Scholars Examine the Little-known Portuguese Inquisition of the Jews (first of Three Parts)
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Scholars Examine the Little-known Portuguese Inquisition of the Jews (first of Three Parts)

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Scholars from 15 countries were among the more than 700 participants in the First International Congress on the Inquisition held at the University of Sao Paulo here May 20-23. Sponsored by the university and the Portuguese and Brazilian Societies for Eighteenth Century Studies, the academic conference marked the 450th anniversary of the establishment in Portugal of the Tribunal of the Holy Office of the Inquisition. Sao Paulo was the site for the second half of this congress, which first met in Lisbon in February, coordinated there by Prof. Maria Helena Carvalho dos Santos.

History Prof. Anita Novinsky, Sao Paulo conference coordinator, said the sessions “filled a void in which even the history books are silent. Never after this will the history of Portugal or Brazil be written without a chapter on the Inquisition.

“This powerful institution during more than three centuries interfered in all aspects of life. The Inquisition looked for heretics in the kingdoms and the colonies, and persecuted, tortured, and punished men and women of all social classes and ages who believed, thought or acted differently from the moral and religious patterns imposed by the Church. Through this congress, we tried to show that all totalitarianism can only lead to the deterioration and degradation of human society.”


Prof. Francisco Marques-Villanueva of Harvard University described the Inquisition as a modern phenomenon. While the 13th century Medieval Inquisition was clerical, the Spanish and Portuguese inquisitions were connected with the coming of the modern state, he said. “Almost no one knows inquisitors were appointed directly by the crown,” he told the Jewish Telegraphic Agency. “Rome had only nominal control. In simple terms, we can say the Inquisition acted as political police, often functioning as a politicized tribunal. The Medieval Inquisition was controlled by the bishops’ authority, but the Inquisition under the Catholic kings was a state apparatus.”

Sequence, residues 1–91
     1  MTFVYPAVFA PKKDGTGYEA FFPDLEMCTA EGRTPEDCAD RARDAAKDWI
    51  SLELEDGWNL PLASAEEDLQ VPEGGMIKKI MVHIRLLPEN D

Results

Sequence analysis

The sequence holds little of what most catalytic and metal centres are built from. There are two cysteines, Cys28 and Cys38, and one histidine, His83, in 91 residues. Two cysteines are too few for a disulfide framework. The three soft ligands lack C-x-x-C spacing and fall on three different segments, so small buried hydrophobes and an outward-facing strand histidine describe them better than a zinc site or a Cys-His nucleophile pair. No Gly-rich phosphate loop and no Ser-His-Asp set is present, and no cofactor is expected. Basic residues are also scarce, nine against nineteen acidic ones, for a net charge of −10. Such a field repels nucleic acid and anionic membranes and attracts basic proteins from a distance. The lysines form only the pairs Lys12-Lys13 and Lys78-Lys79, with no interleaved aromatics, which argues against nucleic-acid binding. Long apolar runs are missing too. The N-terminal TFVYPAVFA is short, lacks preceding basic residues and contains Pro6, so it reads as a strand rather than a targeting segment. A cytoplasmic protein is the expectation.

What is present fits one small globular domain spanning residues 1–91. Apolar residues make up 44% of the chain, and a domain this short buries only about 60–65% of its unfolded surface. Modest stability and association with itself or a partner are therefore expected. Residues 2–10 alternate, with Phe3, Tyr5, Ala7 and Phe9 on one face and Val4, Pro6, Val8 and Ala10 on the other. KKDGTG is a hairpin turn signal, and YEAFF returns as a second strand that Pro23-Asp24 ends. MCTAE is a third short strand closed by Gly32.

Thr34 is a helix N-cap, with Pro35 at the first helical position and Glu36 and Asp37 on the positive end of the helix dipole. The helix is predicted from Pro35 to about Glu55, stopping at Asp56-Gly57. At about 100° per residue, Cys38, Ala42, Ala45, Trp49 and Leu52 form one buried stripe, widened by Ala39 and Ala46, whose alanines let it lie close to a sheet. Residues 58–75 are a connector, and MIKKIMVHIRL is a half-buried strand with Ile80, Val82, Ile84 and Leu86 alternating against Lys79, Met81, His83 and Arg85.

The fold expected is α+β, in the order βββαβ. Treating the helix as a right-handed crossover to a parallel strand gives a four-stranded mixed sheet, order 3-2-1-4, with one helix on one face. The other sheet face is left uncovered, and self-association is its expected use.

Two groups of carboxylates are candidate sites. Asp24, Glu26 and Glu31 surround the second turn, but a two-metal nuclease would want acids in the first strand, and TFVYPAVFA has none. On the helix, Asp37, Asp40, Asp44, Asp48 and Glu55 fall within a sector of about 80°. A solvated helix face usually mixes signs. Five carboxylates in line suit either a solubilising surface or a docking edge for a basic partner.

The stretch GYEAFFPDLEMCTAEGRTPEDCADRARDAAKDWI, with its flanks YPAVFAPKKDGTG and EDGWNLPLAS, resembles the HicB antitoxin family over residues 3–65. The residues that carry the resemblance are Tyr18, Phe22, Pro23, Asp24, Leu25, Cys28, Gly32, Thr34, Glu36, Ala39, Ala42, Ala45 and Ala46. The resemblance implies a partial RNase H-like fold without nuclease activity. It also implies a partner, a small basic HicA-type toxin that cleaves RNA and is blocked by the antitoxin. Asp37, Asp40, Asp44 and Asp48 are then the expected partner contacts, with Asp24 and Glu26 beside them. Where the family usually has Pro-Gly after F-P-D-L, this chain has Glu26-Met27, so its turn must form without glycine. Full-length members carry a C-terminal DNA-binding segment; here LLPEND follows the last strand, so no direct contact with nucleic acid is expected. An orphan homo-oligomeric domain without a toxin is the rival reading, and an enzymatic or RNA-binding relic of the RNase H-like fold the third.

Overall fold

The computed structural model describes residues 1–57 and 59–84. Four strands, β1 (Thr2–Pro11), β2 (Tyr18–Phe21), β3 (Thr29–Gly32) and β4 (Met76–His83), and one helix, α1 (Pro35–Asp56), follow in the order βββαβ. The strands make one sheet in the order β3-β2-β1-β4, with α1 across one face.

Marques-Villanueva explained that the Catholic kings were preoccupied with the questions of religious dissidents, almost exclusively with converted Jews. “I think there was a profound consciousness on the part of the kings regarding converted Jews,” he said. “It was convenient for the kings to have a police instrument to control this new class, through an institution that practically reduced them to hostages.”

In Spain from 1391 until 1492, Jews were converted to Catholicism by means of duress, conviction, or to avoid expulsion. In 1492, all Jews were expelled from Spain and only converts remained. By contrast, in 1497 the entire Jewish community of Portugal was forced to convert. These new Christians were a distinct class, and were still considered by Catholic contemporaries as Jews centuries after their ancestors had converted. The pejorative “Marrano,” which was applied to new Christians secretly practicing Judaism, comes from the Spanish word for swine.

When Portugal was annexed to Spain in 1580, the influx of Portuguese New Christians led to heightening of the Inquisition in Spain. The term “Portuguese” became almost synonymous with “Jew.” “The Catholic kings thought the New Christians were a social group with modern bourgeois tendencies, culturally and politically disturbing the medieval society,” Marques-Villanueva said.

Regarding the cruelty of the Inquisition, Marques-Villanueva said he believes it was more mental than physical. “We have to remember that most graphic representations of Inquisition tortures are false, part of the black legend of the Inquisition,” he said. “Worse than the physical aspect was the moral one — manipulation to destroy the defendant psychologically.”

“The fear of the Inquisition by risk groups such as converted Jews was terrible,” Marques-Villanueva added. “Generations and generations lived with the greatest insecurity, fearing the fall of family fortune and social prestige. The best manipulation of the Inquisition was that of honor and dishonor.”


Marques-Villanueva described the auto da fe, the public focal point of the Inquisition, as “a great moving force of collective manipulation — a theatricalization that influenced the masses.” The scenarios were carefully planned, he said. “It was theatrics and spectacle that polarized the life of a whole city. Everyone was present from the king to the most humble.” Those accused of heresy, witchcraft or other “crimes” either confessed or were tortured and murdered.

“The number of victims is not firm and the number is not what is impressive,” Marques-Villanueva said. “What is most impressive is the capacity to manipulate. It was one of the most perfect products of the Baroque era.” Eighty percent of the victims of the Spanish and Portuguese Inquisitions were converted Jews, he said.

Marques-Villanueva, who lived through the “intellectually stifling” years of Franco’s Spain, said the “inquisitorial spirit” of the Franco regime gave him special sensitivity to the era of the Inquisition. Novinsky, too, compared the climate of the Inquisition to modern events. “Neofascists are trying to rehabilitate the Inquisition phenomenon,” she said. “And the memory of the pain is the only thing which can prevent new generations from being used by Nazi fascists.”

Next: The Impact Historically of the Portuguese Inquisition

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